Here’s what the bunco score sheets look like. You can buy them online (at Amazon.com and elsewhere), or you could easily make your own.
You can also buy some wonderful bunco game kits. Here's the one I have:
Here’s a photo of our game room, set up for bunco. You will note the “Do not enter” sign roping off the room. I didn’t want any of the kids getting in there before we were ready to play. I know how much fun dinging the bell and playing with light-up dice can be!
Even if they’ve never played before, most people get the hang of the game very quickly. Bunco is easy to play. However, you need to know the basic rules and objectives of the game. I’ve jotted down the basic instructions below. I have these rules numbered on sheets, and put two sheets on every folding table at my bunco parties. That way the players can refer to them, just in case they’re not quite sure of something.
1.) Divide your guests into groups of four people. Two teams sit at each table; teammates sit opposite each other. You will change partners every round. (This, incidentally, serves as a good icebreaker for guests who may not know each other that well.)
2.) Note how the tables are numbered. The #1 table is the “head table.” The #9 (or whatever your last table is) is the lowest table. Throughout the game, winning teams will be advancing towards the head table.
3.) Each table has three dice. Each player has an individual score card for the entire game. There’s also scratch paper and pens, so that you or your partner can keep track of your points for each round.
4.) The round begins with the head table ringing the bell.
5.) To play, roll the three dice. In Round 1, points are scored for every “one” that is rolled; in Round 2, for every “two”; in Round 3, for every “three,” and so on. If you roll 3-of-a-kind for whatever number round you’re on, yell “BUNCO” and mark down 21 points on your scratch paper for that bunco. If you get 3-of-a-kind other than the number of the round, that is a baby bunco. Give yourself 5 points for that (no yelling for a baby bunco). Keep track of your points for the round on your scratch paper.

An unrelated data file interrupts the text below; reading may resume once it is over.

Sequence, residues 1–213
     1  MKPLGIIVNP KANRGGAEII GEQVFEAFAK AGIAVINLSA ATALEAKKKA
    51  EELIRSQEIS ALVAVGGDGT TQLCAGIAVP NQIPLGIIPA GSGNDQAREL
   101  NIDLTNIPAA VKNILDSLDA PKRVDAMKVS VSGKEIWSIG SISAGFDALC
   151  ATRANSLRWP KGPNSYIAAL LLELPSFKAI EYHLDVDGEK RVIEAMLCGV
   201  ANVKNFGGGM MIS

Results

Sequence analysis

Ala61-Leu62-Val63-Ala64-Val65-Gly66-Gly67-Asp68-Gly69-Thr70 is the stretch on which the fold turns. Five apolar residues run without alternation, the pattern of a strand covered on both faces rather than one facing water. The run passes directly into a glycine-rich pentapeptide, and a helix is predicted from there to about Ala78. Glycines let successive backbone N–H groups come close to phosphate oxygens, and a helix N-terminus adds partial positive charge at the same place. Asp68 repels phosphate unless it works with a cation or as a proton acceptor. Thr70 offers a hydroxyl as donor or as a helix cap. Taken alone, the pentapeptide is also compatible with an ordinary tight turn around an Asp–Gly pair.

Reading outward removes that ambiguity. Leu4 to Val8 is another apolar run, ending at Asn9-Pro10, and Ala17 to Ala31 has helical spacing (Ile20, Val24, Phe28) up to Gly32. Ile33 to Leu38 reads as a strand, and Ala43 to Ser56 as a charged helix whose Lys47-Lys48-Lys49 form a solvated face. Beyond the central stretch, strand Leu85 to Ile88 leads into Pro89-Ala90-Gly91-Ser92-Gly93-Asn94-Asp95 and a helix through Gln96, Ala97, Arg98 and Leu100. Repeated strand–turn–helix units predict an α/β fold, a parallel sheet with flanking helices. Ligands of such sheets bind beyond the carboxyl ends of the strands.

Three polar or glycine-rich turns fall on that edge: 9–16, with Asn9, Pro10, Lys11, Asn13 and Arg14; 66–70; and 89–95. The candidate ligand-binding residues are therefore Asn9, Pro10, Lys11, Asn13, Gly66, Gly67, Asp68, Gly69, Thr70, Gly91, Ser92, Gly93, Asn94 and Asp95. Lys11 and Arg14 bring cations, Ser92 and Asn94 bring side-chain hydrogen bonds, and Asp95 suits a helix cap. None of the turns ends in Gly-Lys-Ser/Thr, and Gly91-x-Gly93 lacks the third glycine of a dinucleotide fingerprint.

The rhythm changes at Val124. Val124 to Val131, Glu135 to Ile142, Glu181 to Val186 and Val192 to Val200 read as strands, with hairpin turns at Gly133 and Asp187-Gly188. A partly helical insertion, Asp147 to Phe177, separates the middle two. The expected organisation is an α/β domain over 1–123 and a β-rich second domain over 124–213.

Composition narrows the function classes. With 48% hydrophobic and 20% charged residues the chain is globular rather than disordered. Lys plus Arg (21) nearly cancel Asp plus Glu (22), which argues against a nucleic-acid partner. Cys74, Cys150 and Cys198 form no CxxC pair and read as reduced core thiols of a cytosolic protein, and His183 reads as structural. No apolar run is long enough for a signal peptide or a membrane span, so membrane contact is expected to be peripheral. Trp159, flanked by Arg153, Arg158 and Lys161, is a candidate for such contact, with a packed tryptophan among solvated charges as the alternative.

6.) Continue to roll until your roll earns no points. Play then moves to the left.
7.) The round lasts until table 1 scores 21 points—at which time, they will ring the bell on their table. That signals the end of the round.
8.) Your score for that round is both your and your partner’s points added together. Compare your point total to the other team at your table, to see who won and who lost. On your individual score card, place a “W” for that round if you and your partner won. Put an “L” down for that round if you and your partner lost. Place a “B” on the line for that round if you rolled a Bunco.
9.) At the end of a round, the winning team from table 1 stays at that table. The winning teams from all the other tables move up to the next table. The losing team from table 1 moves to table 9 (or whatever your last table is). If you are sitting at tables 2 – 9 (or any table other than the first one) and lost the round, either you or your partner will change seats so that you are now sitting next to each other (instead of across from each other). Your new partner for the next round will be the one sitting across from you when the next time arrives.
10) Play 24 rounds total. Once you have completed round 6, begin with round 1 again. At the end of all 24 rounds, add up your total number of wins, losses and buncos.
A 24-round game usually lasts around 1 ½ hours. It’s nice to be able to hand out prizes at the end of the game: for the highest score, most buncos, first bunco, and lowest score. With the ladies I knew in my old neighborhood, when they played, they each contributed $5 to a Bunco Kitty (in advance of the game), which was used to purchase small prizes (candy, gift cards, etc.).
When I did bunco parties this past year, I just provided simple prizes (which I bought at a discount store) and made up award certificates as well. I always have extra prizes on hand, because there’s often tying scores for each prize category.
The prizes don’t have to be expensive. Remember, your guests aren’t there for the prizes. They’re there for the FUN. After my last Bunco party, the teens were still talking several weeks after it was over about the one dad and teen who made it to the first table at the beginning of the game and were there most of the night because nobody could beat them. A few months have passed, and those are now some fun memories!